The Regional Parks Botanic Garden is situated in Tilden Regional Park's beautiful Wildcat Canyon in the heart of the north Berkeley Hills in northern California. The garden is devoted to the collection, growth, display, and preservation of the native plants of California. The garden is open to the public all but three days of the year.
Allium amplectens is common in hot dry openings west of the Sierra Nevada in California and occasionally in Oregon and Washington. Photo from Nhu Nguyen.
Allium cratericola is a lovely little onion restricted to California. Photo 1-2 were taken by Nhu Nguyen.
Allium hyalinum is found in grasslands moist in the spring in the central and southern Sierra foothills. Photo from Nhu Nguyen.
Allium jepsonii is a Californian species that grows in the Sierra Nevada foothills in two different areas, one on serpentine in the north and the other on volcanic soils in the central foothills. Photo by Nhu Nguyen.
Allium sanbornii is a large onion restricted to the Sierra Nevada and southern Cascade foothills of California that is only found on serpentine outcrops. Photos by Nhu Nguyen.
Brodiaea californica is endemic to California and is found growing in light woods and open meadows in Northern California. Photos from Nhu Nguyen.
Brodiaea insignis is known from approximately twenty populations in the watersheds of the Tule and Kaweah Rivers in Tulare county, California, occurring in clay soil on granitic substrate in valley grassland and foothill woodland. The photo below was taken by Nhu Nguyen.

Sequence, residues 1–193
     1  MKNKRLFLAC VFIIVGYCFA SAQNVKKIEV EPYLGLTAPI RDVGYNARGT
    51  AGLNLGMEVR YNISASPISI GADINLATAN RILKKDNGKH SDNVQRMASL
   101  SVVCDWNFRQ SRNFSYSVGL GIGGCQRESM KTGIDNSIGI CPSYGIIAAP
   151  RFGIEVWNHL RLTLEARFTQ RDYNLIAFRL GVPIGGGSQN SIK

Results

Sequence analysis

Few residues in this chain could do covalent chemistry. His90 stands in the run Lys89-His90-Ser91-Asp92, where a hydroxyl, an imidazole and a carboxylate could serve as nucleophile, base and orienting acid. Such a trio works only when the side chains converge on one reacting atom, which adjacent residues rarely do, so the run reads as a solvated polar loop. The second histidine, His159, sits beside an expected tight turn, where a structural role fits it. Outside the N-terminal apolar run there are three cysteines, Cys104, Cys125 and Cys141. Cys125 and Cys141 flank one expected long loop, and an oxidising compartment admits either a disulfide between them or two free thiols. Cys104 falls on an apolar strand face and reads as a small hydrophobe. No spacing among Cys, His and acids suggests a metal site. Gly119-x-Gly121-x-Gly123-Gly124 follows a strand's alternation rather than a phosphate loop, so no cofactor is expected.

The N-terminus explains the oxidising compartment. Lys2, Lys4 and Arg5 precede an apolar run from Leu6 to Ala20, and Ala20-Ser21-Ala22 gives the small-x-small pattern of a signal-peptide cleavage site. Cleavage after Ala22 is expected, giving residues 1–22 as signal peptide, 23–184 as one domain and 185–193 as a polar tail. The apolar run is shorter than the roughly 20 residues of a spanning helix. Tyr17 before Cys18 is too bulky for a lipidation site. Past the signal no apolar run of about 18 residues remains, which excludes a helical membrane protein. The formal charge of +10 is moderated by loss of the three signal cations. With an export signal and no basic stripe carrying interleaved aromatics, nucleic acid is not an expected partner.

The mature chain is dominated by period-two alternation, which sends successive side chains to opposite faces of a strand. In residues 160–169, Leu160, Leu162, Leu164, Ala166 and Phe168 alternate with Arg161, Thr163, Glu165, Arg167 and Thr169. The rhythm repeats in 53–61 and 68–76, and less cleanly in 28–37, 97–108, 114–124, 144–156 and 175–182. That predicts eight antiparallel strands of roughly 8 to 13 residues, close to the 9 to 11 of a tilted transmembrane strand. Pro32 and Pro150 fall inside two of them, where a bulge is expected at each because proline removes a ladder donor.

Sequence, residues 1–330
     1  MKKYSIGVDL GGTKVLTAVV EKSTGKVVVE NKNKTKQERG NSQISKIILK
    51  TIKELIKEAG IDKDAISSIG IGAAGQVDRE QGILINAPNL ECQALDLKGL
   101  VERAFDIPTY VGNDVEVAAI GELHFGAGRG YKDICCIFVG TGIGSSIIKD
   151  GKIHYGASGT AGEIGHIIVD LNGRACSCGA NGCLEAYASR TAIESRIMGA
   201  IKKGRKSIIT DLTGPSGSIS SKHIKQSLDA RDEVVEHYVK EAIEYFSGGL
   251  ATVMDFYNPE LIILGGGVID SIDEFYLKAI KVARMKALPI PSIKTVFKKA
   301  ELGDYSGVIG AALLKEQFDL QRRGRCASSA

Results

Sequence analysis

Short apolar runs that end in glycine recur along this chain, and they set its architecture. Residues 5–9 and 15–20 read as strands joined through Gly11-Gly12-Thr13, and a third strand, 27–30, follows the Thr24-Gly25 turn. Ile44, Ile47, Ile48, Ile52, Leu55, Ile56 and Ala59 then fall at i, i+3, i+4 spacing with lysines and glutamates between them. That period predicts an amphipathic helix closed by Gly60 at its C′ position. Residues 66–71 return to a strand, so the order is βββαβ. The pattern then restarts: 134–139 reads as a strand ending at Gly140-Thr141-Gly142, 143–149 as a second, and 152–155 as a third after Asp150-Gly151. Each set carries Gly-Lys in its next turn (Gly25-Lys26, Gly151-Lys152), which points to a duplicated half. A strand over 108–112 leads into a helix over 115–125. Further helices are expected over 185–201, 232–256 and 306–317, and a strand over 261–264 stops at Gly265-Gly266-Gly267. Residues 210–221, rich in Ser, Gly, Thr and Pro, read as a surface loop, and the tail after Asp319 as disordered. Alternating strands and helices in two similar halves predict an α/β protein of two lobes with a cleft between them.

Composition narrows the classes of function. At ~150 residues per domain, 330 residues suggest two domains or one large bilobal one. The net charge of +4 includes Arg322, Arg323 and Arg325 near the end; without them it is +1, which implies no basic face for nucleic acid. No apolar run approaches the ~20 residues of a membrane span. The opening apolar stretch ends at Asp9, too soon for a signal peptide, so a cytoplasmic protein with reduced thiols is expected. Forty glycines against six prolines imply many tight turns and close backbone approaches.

Brodiaea terrestris is a coastal bluff and coastal prairie plant with stems appearing to be half buried beneath the soil. It grows from California to Oregon. The photo below taken by Nhu Nguyen was labeled as Brodiaea minor but is probably this species. Brodiaea_minor3NN.jpg Δ
Calochortus amabilis is found on open hillsides and in open woodlands in the Coast Ranges of California. Photo by Nhu Nguyen with a pink Lewisia rediviva in the background.
Calochortus monophyllus is a woodlands species from the western foothills of the Sierra Nevada. Photos below were taken by Nhu Nguyen.
Calochortus palmeri var. munzii is found in the San Jacinto Mountains of Riverside County California. Photo taken by Nhu Nguyen.
Calochortus plummerae is a southern California species that grows in rocky clay soil often found with its base shaded and flowers in sun. Photos were taken by Nhu Nguyen.
Delphinium bakeri is an endangered species now known only from one remaining tiny population near Salmon Creek in Sonoma County, where only seven plants remained as of March, 2006. The photos below were taken by Nhu Nguyen.
Fritillaria affinis var. tristulis is rare and found only along the north coast of California in Marin County. Photos 1-4 were taken by Nhu Nguyen.
Fritillaria liliacea is native to coastal areas of Northern California (mostly San Francisco Bay Area) where it grows in clay soils in full sun. Photos 1-2 were taken by Nhu Nguyen.
Fritillaria ojaiensis is a rare plant restricted to shady rocky slopes and river basins in San Luis Obispo, Santa Barbara and Ventura counties. Photos 1-5 were taken by Nhu Nguyen.
Fritillaria purdyi is a rare northern California species often found growing in serpentine ridges in chaparral and grasslands where it has little competition. The photos below were taken by Nhu Nguyen.
Iris bracteata is a species that grows in shaded sites in dry pine forest, or in meadows in the shade of large shrubs or bracken ferns in the Siskiyou Mountains of California and southern Oregon. Photos 1-2 taken by Bob Rutemoeller and Mary Sue Ittner April 2012.